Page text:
The current issue of Image magazine features an interview with Michael Orland. According to his website, Michael is is currently the Pianist, Arranger and Associate Musical Director for American Idol. He also worked with Clay in creating the arrangements and setlist for his 2005 Jukebox Tour.

During the course of the interview, writer Dianne Austin asked Orland about working with Clay Aiken.

"I think Clay's new, great look is indicative of what is about to break for his future. He'll be hitting the music scene with fresh material in a big way. He's just got it - he's that talented and that different."

"Clay is one of the most giving and generous performers I've ever known. When I worked with him on his Jukebox Tour it became particularly evident. I have never seen a performer in my life who can share the spotlight as easily and genuinely with other talented people like he does and feel so unthreatened by it. That can only come from a feeling of complete security about who he is as a performer - it's one of the things that make him unique."

As is typical in any fanbase, the interview spread throughout Clay Nation, and as a result, many thoughtful fans and Claymates sent thanks to Michael for expressing such kind sentiments about their favorite singer.

A fan reported this message from Michael, in regards to all the love coming his way.

"I love all the E-mails I'm getting with people THANKING me for the nice things I said about Clay - it's so great. But I do say the things I say because I think he's a HUGE talent - and a great guy - and I don't care what the critics say or do - the PEOPLE speak, and they know...and Clay will be a huge talent and will be around for a LONG LONG time cuz he's that good.
Take care."

If you would like to thank Michael for his kind words about Clay, you can leave him a message on his website, linked above.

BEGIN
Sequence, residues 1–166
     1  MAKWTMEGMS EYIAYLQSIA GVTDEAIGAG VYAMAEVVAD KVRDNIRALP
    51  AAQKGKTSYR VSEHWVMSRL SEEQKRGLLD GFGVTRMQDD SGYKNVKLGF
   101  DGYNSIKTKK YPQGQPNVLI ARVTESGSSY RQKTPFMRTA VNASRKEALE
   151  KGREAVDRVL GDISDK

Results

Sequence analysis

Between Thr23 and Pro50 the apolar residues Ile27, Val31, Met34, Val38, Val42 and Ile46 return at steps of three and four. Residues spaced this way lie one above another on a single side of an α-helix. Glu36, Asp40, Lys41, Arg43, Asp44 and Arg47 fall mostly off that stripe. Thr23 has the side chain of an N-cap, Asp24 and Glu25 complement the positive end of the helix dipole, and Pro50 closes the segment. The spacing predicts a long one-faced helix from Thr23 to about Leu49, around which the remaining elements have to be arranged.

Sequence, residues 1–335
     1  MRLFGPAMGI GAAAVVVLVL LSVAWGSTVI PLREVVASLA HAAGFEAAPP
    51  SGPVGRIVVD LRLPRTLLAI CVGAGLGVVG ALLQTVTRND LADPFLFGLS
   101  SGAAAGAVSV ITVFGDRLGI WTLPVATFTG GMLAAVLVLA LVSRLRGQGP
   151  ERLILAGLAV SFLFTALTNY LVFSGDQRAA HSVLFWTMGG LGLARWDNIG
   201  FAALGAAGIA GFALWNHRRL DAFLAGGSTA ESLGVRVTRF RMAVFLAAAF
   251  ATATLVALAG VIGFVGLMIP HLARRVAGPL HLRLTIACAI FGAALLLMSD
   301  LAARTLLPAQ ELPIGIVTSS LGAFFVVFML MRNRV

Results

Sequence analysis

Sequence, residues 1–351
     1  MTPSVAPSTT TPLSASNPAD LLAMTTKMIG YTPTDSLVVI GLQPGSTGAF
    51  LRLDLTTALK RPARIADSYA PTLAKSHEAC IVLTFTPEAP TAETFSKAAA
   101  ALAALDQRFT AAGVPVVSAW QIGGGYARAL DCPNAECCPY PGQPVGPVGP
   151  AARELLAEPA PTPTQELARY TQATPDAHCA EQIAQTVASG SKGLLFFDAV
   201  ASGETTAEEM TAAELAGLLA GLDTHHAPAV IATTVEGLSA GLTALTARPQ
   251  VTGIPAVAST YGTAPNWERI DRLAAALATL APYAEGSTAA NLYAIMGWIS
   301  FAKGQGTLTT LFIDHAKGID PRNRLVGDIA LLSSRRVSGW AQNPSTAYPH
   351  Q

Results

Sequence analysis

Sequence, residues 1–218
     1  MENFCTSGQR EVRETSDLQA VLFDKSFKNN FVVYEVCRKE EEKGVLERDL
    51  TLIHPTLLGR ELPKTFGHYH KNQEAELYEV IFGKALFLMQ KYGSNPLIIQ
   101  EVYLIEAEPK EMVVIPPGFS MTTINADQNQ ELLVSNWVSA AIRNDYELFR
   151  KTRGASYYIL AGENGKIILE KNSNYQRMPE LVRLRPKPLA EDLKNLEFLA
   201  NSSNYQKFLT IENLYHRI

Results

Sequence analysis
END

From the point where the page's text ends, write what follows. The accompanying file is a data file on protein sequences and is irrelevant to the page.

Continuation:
Regardless of what the media would have us think, some of the nicest people in the universe are citizens of Clay Nation. I've read and heard story after story of the kind and generous actions of the fans of Clay Aiken.

Do you have a story? Please share it.

I think it would be lovely to have all those stories together, in one place. And no one has to buy a book in order to see them.

You never know who might be reading.

touchstone (n) a basis for comparison; a reference point against which other things can be evaluated

©touchstone 2006

Tuesday, October 17, 2006

Fan Baiting 101

They think they are so smart. HA!

Ex.1 From a review of Clay's friend Ruben Studdard's new CD release:

"But when he sticks to songs that complement his individuality, Studdard has no problem maintaining his position as Idol royalty.

Take that, Claymates."

"Take that, Claymates?" Take what? A favorable comment about Clay's friend Ruben Studdard? Sure, I'll take that, no problem. It's not like it's a knife in the back after all, since Clay and Ruben are friends. The writer's comment is flawed in that there is nothing wrong with what he said about Ruben, therefore there is nothing for the Claymates to "take."